by Andrea Sears
HARRISBURG, Pa. – Families are returning to visit relatives in Pennsylvania nursing homes, bringing a year of painful isolation to an end for many seniors.
More than a year after the COVID pandemic put nursing homes and long-term care facilities in the Commonwealth in lockdown, visitors are being welcomed back.
Over the past year, more than half of COVID deaths in the state were among residents of long-term care facilities. But with most residents now having been vaccinated, the infection rate has plummeted and federal officials have recommended easing restrictions on visitation.
To Bill Johnston-Walsh – state director of AARP Pennsylvania – that’s welcome news, since isolation can cause depression, physical and mental decline among nursing-home residents.
“We believe that there’s no substitute for the person to have in-person contact,” said Johnston-Walsh, “and a warm embrace that is so critical for the physical and mental well-being of nursing home residents.”
Gov. Tom Wolf’s office is strongly encouraging all nursing home and long-term care facilities in the state to follow the federal recommendation to expand visitation.
The state says residents who are fully vaccinated can choose to have close contact with visitors, including touching. But Johnston-Walsh cautioned that precautions need to be taken to ensure that infection rates don’t start going back up.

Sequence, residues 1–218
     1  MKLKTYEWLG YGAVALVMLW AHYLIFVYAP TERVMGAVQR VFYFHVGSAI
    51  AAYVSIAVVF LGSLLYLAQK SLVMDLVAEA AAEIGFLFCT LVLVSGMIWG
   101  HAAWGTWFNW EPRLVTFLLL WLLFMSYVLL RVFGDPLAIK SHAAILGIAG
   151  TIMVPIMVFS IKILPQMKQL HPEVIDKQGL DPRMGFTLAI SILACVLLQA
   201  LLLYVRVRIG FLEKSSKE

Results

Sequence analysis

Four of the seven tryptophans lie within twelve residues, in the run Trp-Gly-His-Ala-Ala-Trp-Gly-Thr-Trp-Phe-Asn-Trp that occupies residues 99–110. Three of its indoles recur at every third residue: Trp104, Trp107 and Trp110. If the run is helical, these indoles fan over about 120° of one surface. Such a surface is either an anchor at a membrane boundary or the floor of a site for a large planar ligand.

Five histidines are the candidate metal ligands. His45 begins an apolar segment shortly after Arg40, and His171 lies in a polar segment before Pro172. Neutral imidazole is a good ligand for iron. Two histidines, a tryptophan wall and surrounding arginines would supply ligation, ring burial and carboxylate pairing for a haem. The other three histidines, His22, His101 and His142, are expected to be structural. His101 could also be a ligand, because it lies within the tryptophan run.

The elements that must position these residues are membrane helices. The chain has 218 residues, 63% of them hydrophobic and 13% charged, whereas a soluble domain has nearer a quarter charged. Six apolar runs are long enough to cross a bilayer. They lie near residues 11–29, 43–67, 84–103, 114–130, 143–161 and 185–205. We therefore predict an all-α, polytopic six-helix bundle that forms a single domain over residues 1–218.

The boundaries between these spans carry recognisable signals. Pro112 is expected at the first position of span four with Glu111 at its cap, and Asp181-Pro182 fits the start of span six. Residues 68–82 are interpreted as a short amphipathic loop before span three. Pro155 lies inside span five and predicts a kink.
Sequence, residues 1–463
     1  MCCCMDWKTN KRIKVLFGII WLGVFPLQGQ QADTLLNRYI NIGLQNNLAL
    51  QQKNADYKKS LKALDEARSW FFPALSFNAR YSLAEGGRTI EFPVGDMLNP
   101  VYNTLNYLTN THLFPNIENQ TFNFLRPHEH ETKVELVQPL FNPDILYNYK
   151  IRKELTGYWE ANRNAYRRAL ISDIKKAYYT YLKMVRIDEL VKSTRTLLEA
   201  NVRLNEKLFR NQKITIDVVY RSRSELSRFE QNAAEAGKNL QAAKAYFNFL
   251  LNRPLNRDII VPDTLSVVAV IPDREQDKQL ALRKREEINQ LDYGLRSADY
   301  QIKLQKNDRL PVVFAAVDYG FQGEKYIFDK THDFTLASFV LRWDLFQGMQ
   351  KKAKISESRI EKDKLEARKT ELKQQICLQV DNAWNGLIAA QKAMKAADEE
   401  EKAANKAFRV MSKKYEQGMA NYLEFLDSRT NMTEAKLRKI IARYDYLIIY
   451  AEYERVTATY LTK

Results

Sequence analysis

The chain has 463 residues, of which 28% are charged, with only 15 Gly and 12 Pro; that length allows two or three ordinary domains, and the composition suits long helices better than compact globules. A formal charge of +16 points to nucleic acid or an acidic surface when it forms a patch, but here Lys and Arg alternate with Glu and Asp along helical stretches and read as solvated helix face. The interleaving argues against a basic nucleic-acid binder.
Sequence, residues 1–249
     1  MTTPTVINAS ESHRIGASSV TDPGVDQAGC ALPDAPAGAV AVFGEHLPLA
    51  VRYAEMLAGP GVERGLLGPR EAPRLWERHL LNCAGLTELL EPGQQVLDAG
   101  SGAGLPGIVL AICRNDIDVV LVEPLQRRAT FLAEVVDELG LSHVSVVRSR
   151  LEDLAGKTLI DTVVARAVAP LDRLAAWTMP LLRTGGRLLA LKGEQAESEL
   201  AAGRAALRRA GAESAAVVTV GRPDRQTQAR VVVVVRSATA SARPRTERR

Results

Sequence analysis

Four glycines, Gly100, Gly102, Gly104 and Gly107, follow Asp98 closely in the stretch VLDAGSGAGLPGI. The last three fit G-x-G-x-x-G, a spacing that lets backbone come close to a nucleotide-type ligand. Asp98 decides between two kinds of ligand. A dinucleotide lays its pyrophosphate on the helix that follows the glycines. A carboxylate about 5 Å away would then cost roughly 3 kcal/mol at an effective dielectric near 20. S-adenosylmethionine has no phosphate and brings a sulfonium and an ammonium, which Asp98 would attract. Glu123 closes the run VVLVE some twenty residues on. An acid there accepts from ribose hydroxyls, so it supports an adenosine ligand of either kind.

“We have to make sure that we’re still wearing the masks,” said Johnston-Walsh, “that the visits are done in open spaces whether they be inside or outside, and to keep family members and their guests distant from other residents and staff members.”
Each facility must decide individually if it wants to expand visitation, but experts believe most will do so within the next few weeks.
Johnston-Walsh added that it appears the pandemic has reached a turning point for nursing home residents, and the efforts of state and federal officials to bring the COVID pandemic under control are paying off.
“As we enter a new phase of this pandemic with the ongoing rollout of vaccines and the growing knowledge about public health needs,” said Johnston-Walsh, “it is vital that these vulnerable seniors are able to safely visit with their loved ones.”